Revisit the art of 19th century master MV Dhurandhar, at the NGMA
A major retrospective exhibition titled ...The Romantic Realist features 238 exhibits, including paintings, sketches, book illustrations and photographs.mumbai Updated: Sep 08, 2018 21:44 IST
- WHERE: National Gallery of Modern Art, MG Road, Fort
- WHEN: September 10 to October 13 (closed on Sundays)
- Entry is free
In 1892, Mahadeo Vishwanath Dhurandhar made a charcoal drawing of two women chatting while doing chores - one chopping potatoes, the other picking gravel out of rice. A junior student at the JJ School of Art then, he submitted this painting, titled Household Work, for the Bombay Art Society’s fourth exhibition, considered a major social event then.
This work was not only selected but received an award of Rs 50, instituted by JN Tata, making Dhurandhar (1867-1944) the first Indian to receive this award.
Discover this drawing at a major retrospective exhibition titled MV Dhurandhar: The Romantic Realist, that opens next week.
The show, presented by the National Gallery of Modern Art in collaboration with DAG, features 238 exhibits, including paintings, sketches, book illustrations and photographs. It will also showcase rare archival material like the gold medals he received, the easel he used and the chair he sat on when he painted.
“Dhurandhar was the most prolific and important painter after Ravi Varma, but many aren’t aware of his contribution,” says Suhas Bahulkar, chairman of the advisory committee to NGMA Mumbai, who has conceptualised and curated the exhibition. “Since last year marked his 150th birth anniversary, it’s the right time to celebrate and showcase his work.”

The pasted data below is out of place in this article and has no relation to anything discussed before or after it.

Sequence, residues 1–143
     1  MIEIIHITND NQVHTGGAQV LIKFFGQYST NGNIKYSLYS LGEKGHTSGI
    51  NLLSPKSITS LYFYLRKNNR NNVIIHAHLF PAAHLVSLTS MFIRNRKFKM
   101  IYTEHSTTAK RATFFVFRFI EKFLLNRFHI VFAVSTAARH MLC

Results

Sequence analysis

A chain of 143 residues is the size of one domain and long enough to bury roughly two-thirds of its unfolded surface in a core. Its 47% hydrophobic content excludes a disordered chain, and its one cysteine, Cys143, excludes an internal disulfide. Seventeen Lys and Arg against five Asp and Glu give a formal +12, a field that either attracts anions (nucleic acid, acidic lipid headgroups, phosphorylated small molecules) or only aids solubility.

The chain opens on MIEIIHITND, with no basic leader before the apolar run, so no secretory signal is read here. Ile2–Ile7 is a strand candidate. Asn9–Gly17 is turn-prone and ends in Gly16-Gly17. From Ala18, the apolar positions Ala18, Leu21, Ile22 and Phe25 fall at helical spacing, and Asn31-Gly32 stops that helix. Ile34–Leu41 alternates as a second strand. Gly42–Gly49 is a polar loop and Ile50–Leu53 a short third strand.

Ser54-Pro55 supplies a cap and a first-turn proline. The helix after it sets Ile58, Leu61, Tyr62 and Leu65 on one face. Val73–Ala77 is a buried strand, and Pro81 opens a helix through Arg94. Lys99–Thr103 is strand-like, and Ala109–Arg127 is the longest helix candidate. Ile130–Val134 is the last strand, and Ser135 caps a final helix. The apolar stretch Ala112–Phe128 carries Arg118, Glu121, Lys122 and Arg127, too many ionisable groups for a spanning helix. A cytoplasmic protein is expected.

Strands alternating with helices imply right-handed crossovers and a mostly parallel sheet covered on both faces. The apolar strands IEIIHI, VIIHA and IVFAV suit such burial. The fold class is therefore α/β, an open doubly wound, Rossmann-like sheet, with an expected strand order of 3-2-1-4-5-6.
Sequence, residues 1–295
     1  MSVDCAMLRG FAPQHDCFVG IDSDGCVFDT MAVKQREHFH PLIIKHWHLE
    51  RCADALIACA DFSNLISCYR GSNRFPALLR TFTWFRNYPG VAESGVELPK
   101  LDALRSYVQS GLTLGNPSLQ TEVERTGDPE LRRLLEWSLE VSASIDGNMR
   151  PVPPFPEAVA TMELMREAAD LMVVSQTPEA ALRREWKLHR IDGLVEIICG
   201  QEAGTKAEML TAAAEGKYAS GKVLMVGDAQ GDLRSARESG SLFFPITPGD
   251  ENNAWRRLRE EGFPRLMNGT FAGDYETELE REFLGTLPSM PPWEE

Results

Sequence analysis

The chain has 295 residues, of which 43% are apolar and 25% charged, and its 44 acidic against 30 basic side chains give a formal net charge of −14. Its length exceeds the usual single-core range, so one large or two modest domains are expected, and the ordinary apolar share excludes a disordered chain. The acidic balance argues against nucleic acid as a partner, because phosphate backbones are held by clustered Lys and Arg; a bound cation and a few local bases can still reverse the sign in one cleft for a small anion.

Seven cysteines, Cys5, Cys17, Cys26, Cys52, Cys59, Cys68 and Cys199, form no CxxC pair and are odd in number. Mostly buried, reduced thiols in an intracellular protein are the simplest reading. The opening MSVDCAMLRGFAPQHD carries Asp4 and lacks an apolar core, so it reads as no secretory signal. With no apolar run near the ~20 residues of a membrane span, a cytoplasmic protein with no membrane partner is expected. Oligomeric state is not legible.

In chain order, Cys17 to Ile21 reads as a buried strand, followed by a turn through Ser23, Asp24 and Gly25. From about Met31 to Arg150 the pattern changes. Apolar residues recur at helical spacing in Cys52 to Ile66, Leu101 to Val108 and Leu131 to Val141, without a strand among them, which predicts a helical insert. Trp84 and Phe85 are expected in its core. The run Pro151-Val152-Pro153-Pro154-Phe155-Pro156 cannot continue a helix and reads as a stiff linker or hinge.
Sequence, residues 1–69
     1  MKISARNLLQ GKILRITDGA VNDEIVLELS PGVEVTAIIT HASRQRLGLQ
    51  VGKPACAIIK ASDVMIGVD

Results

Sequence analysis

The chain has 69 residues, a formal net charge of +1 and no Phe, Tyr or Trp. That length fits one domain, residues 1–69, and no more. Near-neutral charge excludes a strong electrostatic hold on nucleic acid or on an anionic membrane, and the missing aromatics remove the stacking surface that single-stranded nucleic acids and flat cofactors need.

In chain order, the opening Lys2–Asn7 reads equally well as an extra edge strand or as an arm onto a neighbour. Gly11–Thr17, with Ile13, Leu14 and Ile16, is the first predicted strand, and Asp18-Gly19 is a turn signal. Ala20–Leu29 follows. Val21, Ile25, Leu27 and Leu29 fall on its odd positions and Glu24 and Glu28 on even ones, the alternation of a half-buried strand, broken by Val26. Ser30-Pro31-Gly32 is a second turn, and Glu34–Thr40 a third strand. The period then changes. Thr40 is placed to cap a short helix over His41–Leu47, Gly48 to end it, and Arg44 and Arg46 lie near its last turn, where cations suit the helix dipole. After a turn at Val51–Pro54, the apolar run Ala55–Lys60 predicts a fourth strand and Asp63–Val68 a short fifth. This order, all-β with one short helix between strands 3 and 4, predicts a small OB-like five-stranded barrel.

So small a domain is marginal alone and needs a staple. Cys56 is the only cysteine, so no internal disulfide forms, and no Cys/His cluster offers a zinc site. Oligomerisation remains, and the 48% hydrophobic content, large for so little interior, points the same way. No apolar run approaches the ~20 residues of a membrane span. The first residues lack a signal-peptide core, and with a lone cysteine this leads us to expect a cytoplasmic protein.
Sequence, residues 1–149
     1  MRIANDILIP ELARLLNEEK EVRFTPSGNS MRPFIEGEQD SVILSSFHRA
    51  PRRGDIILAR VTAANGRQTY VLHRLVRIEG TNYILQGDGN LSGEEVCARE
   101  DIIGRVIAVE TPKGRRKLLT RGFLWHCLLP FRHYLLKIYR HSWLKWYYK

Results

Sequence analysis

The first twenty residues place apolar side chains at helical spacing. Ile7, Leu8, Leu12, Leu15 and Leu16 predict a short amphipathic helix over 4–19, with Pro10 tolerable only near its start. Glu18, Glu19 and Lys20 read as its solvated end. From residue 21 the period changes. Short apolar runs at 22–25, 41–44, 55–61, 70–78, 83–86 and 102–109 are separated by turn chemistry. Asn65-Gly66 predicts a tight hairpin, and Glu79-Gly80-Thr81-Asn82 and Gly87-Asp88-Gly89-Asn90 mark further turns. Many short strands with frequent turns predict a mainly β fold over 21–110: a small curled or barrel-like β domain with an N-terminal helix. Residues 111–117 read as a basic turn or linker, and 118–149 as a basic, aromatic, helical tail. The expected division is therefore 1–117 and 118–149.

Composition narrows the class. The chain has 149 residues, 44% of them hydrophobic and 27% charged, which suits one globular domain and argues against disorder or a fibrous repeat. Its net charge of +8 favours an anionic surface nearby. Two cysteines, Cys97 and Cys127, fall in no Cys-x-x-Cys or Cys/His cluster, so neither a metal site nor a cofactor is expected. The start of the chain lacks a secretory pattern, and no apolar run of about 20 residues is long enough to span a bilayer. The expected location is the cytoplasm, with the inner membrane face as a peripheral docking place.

The exhibition traces his versatility as a Realist, a style he learnt under then JJ principal John Griffiths. Dhurandhar joined the school as an art teacher and went on to become its first Indian director, in 1930.
The paintings reveal his mastery is depicting light and shadow and crowding his paintings with people, each with distinct features and body language.
Highlights include depictions of a procession at the time of Shivaji’s coronation, a scene from a Hindu wedding, portraits of a woman labourer and of a Parsi priest.
The exhibits are from DAG’s extensive inventory, government museums in Kolhapur, Aundh and Sangli as well as the privately owned Swaraj Art Archive.
Several of his sketches will also be on display. A poignant one is of his first wife Bapubai’s lifeless body, titled ‘She is dead’, that he drew in the hospital room as she lay in front of him, having succumbed to the plague in 1898.
The exhibition will be accompanied by the launch of a book on the artist by Bahulkar. “Dhurandhar’s contribution to the Bombay School of Art has been forgotten,” says Kishore Singh, vice-president and curator at DAG. “His legacy was overtaken by the artists of the Progressive Artists’ Group and is in need of resurrection. This retrospective will help do that.”
First Published: Sep 08, 2018 21:44 IST